Jon Gundersen Hol was a Norwegian engineer and activist. He is known for his pamphlet Rifleringen, published in February 1884, that resulted in his arrest for lèse majesté. In the pamphlet, he called for soldiers and civilians to arm themselves and encircle the Parliament of Norway Building, creating a "Ring of Rifles", should the need arise. The political situation in Norway at the time was unstable, with an ongoing impeachment case against the conservative government started by political liberals. King Oscar II of Sweden and Norway supported the conservative politicians, and Hol believed that a political and military counter-offensive was planned, hence the need for guarding the Parliament. The tensions between liberals and conservatives drew Hol into politics in the first place in 1880. Before this, he was an engineer by occupation and a writer, albeit apolitical. He increased his writing after 1880, and also involved himself in non-socialist trade unions, including the unsuccessful attempt of establishing a national trade union center in Kristiania.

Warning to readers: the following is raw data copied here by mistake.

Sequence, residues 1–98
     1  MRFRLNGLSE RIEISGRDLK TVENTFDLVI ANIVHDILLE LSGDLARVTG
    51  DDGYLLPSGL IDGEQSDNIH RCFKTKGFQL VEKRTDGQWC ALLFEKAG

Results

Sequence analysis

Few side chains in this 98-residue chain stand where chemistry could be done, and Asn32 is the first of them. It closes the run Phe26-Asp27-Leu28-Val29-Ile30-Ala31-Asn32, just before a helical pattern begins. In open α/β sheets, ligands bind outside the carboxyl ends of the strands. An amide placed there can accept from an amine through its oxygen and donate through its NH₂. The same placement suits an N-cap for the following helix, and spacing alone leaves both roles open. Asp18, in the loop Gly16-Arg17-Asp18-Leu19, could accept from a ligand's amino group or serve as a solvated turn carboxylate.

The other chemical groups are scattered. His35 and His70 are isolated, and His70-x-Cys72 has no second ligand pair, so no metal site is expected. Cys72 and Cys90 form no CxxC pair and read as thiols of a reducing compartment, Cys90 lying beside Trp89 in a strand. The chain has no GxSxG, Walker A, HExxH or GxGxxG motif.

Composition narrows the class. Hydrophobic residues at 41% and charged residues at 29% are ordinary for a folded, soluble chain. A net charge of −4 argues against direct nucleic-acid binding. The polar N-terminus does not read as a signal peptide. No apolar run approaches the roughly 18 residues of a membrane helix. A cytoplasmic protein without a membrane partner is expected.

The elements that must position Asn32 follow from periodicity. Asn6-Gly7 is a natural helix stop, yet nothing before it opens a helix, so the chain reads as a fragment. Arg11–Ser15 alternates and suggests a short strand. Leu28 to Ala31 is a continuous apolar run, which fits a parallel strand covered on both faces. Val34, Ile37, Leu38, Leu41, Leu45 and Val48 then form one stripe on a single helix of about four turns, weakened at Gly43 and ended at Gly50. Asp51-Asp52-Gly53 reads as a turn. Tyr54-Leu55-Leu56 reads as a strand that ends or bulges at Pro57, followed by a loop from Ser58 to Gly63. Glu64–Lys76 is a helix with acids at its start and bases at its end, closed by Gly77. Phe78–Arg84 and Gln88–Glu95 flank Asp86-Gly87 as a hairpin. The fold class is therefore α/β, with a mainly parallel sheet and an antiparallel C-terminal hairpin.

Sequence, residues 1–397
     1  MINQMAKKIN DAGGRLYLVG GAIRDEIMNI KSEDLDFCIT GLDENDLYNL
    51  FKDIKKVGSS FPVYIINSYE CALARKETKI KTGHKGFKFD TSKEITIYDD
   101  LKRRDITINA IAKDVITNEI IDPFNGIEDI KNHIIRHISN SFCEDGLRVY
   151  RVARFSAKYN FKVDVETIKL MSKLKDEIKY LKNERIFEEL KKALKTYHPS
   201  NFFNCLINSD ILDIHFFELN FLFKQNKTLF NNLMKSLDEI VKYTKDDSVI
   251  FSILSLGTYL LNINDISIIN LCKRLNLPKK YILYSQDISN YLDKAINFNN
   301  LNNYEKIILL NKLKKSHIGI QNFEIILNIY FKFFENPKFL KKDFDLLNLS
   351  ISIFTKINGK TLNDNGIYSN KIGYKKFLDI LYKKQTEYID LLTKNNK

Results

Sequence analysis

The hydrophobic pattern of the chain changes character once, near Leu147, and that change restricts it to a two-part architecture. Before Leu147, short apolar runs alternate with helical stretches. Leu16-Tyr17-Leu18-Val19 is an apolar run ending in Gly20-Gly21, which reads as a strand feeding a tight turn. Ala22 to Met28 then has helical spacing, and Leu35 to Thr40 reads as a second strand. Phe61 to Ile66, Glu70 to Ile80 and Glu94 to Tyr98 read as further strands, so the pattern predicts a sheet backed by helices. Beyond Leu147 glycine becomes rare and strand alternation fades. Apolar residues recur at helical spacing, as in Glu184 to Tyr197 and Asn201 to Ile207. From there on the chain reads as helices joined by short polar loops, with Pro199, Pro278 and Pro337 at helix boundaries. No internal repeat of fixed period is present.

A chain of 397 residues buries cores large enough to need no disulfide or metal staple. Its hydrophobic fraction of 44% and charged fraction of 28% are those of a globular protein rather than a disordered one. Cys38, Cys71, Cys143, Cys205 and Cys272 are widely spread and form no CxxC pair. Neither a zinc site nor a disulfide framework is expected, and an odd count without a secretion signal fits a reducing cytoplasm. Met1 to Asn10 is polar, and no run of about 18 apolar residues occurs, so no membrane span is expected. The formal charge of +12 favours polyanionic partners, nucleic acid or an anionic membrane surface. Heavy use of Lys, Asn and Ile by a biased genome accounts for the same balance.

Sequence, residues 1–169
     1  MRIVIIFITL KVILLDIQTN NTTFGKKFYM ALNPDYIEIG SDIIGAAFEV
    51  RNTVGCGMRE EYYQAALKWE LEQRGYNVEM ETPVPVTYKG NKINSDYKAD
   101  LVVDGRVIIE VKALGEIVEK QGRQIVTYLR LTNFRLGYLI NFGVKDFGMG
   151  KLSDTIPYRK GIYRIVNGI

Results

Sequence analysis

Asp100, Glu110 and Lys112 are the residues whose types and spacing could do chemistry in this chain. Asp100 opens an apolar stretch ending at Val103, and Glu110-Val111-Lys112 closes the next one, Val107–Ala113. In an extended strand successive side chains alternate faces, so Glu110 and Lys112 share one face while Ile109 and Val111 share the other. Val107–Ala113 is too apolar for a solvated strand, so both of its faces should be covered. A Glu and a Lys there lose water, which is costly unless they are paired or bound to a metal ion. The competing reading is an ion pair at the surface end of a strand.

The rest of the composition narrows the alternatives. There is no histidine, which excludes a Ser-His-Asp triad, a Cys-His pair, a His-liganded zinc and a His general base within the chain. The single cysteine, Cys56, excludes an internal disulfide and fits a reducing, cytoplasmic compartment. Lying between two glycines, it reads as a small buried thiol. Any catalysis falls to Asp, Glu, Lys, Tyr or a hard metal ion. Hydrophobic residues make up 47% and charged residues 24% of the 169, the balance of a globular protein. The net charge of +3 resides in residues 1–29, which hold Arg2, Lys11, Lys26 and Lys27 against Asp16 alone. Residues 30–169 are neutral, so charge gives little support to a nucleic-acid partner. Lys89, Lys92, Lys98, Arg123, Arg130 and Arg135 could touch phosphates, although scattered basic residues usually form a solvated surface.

<span class="mw-page-title-main">Johan Christian Heuch</span> Norwegian politician

Johan Christian Heuch or J. C. Heuch was a Norwegian bishop in the Church of Norway and politician for the Conservative Party.

<span class="mw-page-title-main">Emil Stang (jurist)</span> Norwegian jurist and politician

Emil Stang, Jr. was a Norwegian jurist and politician for the Norwegian Labour Party and for the Communist Party of Norway. He was later the 13th Chief Justice of the Supreme Court of Norway.

<span class="mw-page-title-main">Carl Otto Løvenskiold</span> Norwegian politician

Carl Otto Løvenskiold was a Norwegian naval officer, business executive and landowner. He served as the Norwegian prime minister in Stockholm during 1884. By birth, he is a member of Løvenskiold noble family.


  1. "Schweigaard, Christian Homann". Salmonsens konversationsleksikon. Retrieved June 10, 2016.
  2. Magnus A. Mardal. "Christian Homann Schweigaard". Store norske leksikon. Retrieved June 10, 2016.
  3. Harald Kjølås. "Christian Homann Schweigaard". Allkunne AS. Retrieved June 10, 2016.
  4. Paul Thyness. "Christian Schweigaard, Jurist, Politiker". Norsk biografisk leksikon. Retrieved June 10, 2016.
Political offices
Preceded by Prime Minister of Norway
Succeeded by
Preceded by Mayor of Christiania (Oslo)
Succeeded by
Preceded by Mayor of Christiania (Oslo)
Succeeded by